Democratic presidential nominee Joe BidenJoe BidenMcConnell challenger dodges court packing question ‘Hamilton’ cast to reunite for Biden fundraiser Trump relishes return to large rallies following COVID-19 diagnosis MORE’s son-in-law, Howard Krein, has continued his work at an investment firm overseeing health care solutions to COVID-19 while also advising the Biden campaign on the pandemic, sparking potential conflict-of-interest concerns, according to Politico.
In March, StartUp Health, where Krein serves as chief medical officer, announced a new initiative to invest in entrepreneurs with various “solutions for mitigating, managing, or treating coronavirus or future pandemics.”
A month later, StartUp Health announced it would be investing $1 million across 10 different startups with potential public health solutions to the coronavirus.
This came around the same time that Bloomberg and The New York Times both reported Krein among those taking part in daily Biden campaign briefing calls on health policy.
The first presidential debate was less an argument over policies and ideas than a boxing match. But there was at least one brief exchange that bordered on an ideological debate.
“We prefer a vaccine,” said Democratic presidential nominee Joe BidenJoe BidenFederal judge shoots down Texas proclamation allowing one ballot drop-off location per county Sanders endorses more than 150 down-ballot Democrats Debate commission cancels Oct. 15 Trump-Biden debate MORE about the COVID-19 pandemic. “But I don’t trust [President TrumpDonald John TrumpFederal judge shoots down Texas proclamation allowing one ballot drop-off location per county Nine people who attended Trump rally in Minnesota contracted coronavirus Schiff: If Trump wanted more infections ‘would he be doing anything different?’ MORE] at all, and neither do you. I know you don’t. What we trust is a scientist.”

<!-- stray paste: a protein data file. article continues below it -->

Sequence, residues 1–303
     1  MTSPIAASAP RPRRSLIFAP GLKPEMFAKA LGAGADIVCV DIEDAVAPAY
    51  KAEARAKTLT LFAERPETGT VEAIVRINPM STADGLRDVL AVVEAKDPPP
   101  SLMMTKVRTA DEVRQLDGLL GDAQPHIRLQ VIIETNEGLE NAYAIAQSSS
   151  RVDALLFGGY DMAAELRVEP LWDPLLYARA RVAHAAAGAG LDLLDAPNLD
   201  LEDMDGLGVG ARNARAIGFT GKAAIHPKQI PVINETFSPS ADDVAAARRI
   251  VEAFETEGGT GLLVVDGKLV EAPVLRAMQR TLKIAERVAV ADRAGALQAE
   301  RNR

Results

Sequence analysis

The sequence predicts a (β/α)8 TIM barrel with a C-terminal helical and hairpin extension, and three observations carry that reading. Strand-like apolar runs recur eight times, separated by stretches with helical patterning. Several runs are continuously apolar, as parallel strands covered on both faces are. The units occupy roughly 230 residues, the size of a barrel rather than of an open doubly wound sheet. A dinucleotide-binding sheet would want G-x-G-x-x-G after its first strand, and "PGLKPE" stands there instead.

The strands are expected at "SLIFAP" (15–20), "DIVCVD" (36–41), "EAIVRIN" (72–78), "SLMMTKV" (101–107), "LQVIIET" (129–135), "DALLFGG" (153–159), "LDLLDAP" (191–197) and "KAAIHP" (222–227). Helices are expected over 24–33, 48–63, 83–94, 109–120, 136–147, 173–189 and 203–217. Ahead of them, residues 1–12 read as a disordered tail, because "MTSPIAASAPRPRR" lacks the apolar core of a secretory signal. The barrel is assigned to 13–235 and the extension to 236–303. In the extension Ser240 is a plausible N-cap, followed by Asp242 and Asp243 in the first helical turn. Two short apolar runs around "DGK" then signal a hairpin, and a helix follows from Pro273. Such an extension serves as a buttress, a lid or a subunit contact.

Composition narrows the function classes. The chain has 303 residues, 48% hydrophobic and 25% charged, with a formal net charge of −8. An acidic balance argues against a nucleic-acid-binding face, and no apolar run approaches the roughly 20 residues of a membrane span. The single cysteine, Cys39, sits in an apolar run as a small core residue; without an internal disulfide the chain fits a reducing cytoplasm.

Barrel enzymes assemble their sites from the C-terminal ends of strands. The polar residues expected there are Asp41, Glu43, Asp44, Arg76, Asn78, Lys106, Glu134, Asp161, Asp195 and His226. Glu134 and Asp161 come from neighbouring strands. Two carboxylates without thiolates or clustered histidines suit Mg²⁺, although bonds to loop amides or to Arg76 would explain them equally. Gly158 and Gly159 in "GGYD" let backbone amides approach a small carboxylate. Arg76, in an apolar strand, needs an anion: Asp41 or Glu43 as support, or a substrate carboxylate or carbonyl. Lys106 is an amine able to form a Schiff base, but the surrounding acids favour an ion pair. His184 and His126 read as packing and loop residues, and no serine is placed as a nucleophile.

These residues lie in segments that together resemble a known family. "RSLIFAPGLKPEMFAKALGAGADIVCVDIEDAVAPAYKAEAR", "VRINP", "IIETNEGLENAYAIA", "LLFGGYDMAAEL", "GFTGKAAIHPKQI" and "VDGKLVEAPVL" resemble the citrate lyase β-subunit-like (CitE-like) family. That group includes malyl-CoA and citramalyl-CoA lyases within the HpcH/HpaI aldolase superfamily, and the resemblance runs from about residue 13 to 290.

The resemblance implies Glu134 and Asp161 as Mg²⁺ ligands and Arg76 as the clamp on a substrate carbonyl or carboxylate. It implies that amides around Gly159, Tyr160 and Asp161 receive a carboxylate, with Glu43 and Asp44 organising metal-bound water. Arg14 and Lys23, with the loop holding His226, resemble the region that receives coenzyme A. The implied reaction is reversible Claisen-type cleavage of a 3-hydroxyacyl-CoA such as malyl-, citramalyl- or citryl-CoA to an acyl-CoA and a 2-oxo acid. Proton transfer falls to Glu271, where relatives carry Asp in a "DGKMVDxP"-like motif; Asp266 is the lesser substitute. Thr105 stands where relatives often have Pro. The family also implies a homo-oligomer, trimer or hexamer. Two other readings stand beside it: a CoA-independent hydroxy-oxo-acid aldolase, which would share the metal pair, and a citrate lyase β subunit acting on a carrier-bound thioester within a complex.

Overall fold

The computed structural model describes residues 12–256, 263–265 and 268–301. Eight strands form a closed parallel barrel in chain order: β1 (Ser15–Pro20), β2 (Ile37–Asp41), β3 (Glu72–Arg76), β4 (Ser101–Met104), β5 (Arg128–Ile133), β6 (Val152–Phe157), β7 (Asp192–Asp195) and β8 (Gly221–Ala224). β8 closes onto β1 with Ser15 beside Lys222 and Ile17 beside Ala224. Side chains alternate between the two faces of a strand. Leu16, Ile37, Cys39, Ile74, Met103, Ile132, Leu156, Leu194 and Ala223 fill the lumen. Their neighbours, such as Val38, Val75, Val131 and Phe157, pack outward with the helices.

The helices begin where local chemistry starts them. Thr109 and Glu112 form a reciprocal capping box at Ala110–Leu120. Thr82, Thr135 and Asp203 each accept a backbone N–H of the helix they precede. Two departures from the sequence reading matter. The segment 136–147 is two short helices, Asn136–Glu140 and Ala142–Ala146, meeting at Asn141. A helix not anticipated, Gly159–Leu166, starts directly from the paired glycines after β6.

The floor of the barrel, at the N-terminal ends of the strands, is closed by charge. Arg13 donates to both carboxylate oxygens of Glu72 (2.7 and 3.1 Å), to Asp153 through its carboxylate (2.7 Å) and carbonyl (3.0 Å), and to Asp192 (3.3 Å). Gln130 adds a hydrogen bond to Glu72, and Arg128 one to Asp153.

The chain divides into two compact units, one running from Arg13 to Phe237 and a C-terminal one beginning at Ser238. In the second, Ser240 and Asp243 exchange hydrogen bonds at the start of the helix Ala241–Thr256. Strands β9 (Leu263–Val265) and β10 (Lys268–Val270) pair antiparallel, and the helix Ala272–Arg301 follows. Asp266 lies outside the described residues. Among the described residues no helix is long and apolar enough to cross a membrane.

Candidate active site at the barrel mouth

“You don’t trust Johnson & Johnson, Pfizer?” the president responded.
Unfortunately, the discussion then drifted
By Nupur Anand
MUMBAI (Reuters) – Indian bankers fear the government’s decision to waive some interest payments on loans under a COVID-19 support plan will create unnecessary work for lenders and lead to more litigation, without providing much of a boost for the sagging economy.
In an Oct. 2 filing with the Supreme Court, seen by Reuters, the government said it is amending a controversial clause in a relief plan that allowed distressed borrowers to skip repayments for six months but then charged them “interest-on-interest” on the delayed payments, putting them deeper in debt.
The change will waive the compounded interest component on small business loans and some personal debts from March to August.
The government will bear the cost, which could be as high as $1 billion, according to analysts.
But for Indian lenders saddled with over $120 billion of bad loans and a coronavirus-induced collapse in demand, the
(Bloomberg) — India’s top court asked the government and banks how they plan to waive deferred interest on loans for small borrowers and whether similar relief measures could be provided to other sectors.
The Supreme Court on Monday asked lawyers from the government and Reserve Bank of India to submit information on the measures they plan to take on waiving some of the interest and recasting loans for stressed borrowers. The court will listen to this feedback on Oct. 13.
Prime Minister Narendra